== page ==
Protection is one of the very basic human reflexes related phenomenon. What if you suddenly feel a hand touching your pocket where your wallet is placed.. Immediately your reflexes work & “Pat” goes your hand over your pocket in an evident effort to protect your wallet. In the middle of the night, you hear a noise and realise that someone is moving in the house or is trying to make an entry. Impulsively your hand goes to the light switch in a clear effort to protect your home from burglary. You are in the market for shopping and your child is in the back seat. Suddenly you see your child getting out into the middle of the busy road, you run and grab the child away from the traffic protecting him or her from getting hurt. Obviously people who are not quick in their reflexes end up losing their wallets or getting their houses burgled or suffering from their child getting hurt. But the more sensible and clever persons in todays world would go a step further and opt for security systems and devices. The person carrying his wallet would probably start using credit cards, a more secure form of carrying money. The home owner would probably opt for a burglar alarm, a cctv or a sensor light that would come on at the slightest of movement and the car owner would probably opt for the simple child lock in the car. In todays world protecting ones life earnings and valuables is a necessity. Similarly brands, which have much more value then a wallet, a car or a home, need protection.
A life time effort goes into building brands and protecting them is as mind boggling as it is necessary. As with time brands become more and more valuable, the need to protect them from counterfeiters and their fraudulent intentions becomes imperative. Corporate brand owners are raking their minds to find ways to protect the brand from duplication. It is not just brands that have problems with counterfeiters, currency notes, ID papers, credit cards, passports, share certificates, banker cheques, etc., are all the targets of forgers and counterfeiters. Brand piracy and product duplication are large scale frauds. The global anti counterfeiting group which represents the interest of the brand owners worldwide, estimates that fakes and duplicates cost the brand owners about 368 billion US dollar this represents 5-7 percent of world trade. Billions of dollars are lost in sales by brand owners. The government loses tax revenues; and the consumers suffer from the problems due to fake products. Pharma duplication remains the biggest area of concern as it is facing the highest level of threat and the consumer of pharmaceuticals products are the worst sufferers. Liquor is another area, greatly affected by duplicates. It is generally talked about in all the cocktail circuits in India that the amount of Johnny Walker scotch sold in India is more than what they produce in Scotland.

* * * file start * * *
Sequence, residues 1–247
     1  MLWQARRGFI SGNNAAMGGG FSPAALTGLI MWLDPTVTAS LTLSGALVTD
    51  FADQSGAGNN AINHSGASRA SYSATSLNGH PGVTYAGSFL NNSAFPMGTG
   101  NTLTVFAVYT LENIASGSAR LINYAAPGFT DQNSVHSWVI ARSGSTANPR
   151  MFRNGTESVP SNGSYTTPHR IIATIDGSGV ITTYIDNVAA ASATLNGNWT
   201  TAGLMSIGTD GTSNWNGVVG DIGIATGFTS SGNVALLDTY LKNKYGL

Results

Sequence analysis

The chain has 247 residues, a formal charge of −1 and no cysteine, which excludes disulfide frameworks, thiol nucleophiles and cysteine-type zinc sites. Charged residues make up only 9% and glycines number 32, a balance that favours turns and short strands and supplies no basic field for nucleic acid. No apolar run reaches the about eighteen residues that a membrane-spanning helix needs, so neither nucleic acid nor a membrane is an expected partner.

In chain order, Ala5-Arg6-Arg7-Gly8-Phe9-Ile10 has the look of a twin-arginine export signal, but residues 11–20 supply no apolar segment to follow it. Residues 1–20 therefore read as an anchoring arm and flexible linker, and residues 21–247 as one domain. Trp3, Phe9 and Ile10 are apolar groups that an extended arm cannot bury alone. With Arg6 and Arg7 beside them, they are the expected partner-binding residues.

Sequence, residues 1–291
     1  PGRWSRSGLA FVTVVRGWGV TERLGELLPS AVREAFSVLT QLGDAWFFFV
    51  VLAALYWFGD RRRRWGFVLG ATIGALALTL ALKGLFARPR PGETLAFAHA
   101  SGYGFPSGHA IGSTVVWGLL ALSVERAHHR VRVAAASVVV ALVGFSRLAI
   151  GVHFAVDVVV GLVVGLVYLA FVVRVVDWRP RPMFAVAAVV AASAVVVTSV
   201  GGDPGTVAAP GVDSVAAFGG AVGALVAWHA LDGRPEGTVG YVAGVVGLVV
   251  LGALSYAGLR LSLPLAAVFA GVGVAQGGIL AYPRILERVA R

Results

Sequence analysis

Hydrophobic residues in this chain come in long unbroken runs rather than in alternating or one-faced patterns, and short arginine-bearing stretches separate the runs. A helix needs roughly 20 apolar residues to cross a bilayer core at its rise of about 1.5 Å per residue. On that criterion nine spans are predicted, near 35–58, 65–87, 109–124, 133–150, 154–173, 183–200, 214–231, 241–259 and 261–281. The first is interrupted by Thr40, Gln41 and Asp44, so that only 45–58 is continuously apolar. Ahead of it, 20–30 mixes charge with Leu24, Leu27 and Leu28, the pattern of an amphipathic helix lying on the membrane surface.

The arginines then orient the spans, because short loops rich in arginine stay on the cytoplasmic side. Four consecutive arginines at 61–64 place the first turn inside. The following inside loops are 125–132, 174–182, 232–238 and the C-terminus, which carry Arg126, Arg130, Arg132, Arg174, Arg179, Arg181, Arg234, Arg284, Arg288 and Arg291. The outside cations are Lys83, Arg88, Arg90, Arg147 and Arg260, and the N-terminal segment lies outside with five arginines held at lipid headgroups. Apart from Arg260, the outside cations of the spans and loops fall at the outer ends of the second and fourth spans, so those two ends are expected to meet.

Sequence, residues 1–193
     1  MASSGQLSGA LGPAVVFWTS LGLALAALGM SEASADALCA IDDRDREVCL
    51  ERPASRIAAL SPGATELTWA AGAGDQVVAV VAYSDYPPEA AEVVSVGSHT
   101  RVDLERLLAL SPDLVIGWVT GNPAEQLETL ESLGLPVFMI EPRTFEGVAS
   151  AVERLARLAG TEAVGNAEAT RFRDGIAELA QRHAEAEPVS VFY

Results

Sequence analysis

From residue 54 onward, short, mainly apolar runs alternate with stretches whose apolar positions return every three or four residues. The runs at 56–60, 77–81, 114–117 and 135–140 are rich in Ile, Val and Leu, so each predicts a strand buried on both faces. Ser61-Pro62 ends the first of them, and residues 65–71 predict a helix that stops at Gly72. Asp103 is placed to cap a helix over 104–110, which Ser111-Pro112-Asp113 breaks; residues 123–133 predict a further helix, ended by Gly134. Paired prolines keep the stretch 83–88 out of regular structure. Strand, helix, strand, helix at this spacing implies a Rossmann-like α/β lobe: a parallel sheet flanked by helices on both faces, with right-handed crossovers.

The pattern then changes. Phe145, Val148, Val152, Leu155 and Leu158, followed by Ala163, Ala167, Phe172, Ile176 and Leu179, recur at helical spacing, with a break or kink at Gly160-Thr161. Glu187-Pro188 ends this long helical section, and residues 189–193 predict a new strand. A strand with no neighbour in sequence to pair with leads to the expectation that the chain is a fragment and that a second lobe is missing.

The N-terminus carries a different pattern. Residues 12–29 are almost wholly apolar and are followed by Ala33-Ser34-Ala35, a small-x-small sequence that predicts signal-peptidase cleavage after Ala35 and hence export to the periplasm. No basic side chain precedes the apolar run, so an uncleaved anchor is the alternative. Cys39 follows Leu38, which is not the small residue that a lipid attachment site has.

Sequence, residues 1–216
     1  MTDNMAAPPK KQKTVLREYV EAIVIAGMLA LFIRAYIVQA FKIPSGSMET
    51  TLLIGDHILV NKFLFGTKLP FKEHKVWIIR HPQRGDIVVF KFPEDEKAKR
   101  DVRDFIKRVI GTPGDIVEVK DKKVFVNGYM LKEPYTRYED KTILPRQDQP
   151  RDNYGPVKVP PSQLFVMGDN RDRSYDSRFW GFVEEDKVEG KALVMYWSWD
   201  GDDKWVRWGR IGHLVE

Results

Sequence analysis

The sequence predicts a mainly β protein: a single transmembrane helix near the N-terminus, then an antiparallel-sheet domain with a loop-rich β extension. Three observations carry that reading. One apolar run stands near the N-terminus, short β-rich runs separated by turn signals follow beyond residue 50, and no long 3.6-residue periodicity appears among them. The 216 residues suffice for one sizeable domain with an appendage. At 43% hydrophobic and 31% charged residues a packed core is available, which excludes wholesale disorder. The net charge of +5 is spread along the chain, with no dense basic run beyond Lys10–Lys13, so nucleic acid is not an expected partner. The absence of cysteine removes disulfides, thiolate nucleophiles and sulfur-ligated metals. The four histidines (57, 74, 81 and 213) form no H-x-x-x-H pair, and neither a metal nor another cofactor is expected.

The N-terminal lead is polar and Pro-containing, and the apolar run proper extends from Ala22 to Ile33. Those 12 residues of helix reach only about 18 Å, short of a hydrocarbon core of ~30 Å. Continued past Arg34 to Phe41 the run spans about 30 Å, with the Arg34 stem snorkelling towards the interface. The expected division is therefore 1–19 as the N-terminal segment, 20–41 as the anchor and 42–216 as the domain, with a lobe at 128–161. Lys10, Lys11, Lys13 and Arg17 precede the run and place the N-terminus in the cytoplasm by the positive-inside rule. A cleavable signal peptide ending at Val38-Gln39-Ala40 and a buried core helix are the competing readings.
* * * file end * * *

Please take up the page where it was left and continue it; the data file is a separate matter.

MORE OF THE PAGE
Senior level management teams in FMCG companies are dwelling more and more on security options available to fight this menace. Self-adhesive labels are now in the forefront offering a range of options to counter the attack from counterfeiters and duplicators. The narrow web label printer is playing a very important role in development of the security label. It is necessary that to arrive at the most appropriate security label a close co-operation of the end user, the narrow web label printer and the labelstock manufacturer is very important. The end user has to be aware of the possibilities that the labelstock producer can build-in at the production stage of the labelstock. The labelstock manufacturers has to have a variety of capabilities and skills to improvise in the laminate, similarly the narrow web label printer is required to have advanced capabilities to perform conversion on the label and build-in feature that contribute to the security of the product.
The role of labelstock manufacturers here is very important. He has to bring to the forum of these partners i.e, the user, label printer and himself, the information on the availability of raw materials and his own capabilities and the options that can be built-in at the time of producing the stock. The user brings to the forum the knowledge that he possesses about the skills of the counterfeiters and the techniques they employ in faking. The label printer who brings the label to its final shape has to have specialized converting and decorating capabilities to be able to contribute fruitfully to the efforts of this forum to design a label that would make the fakes easily identifiable. The label so produced should prove to be an effective deterrent.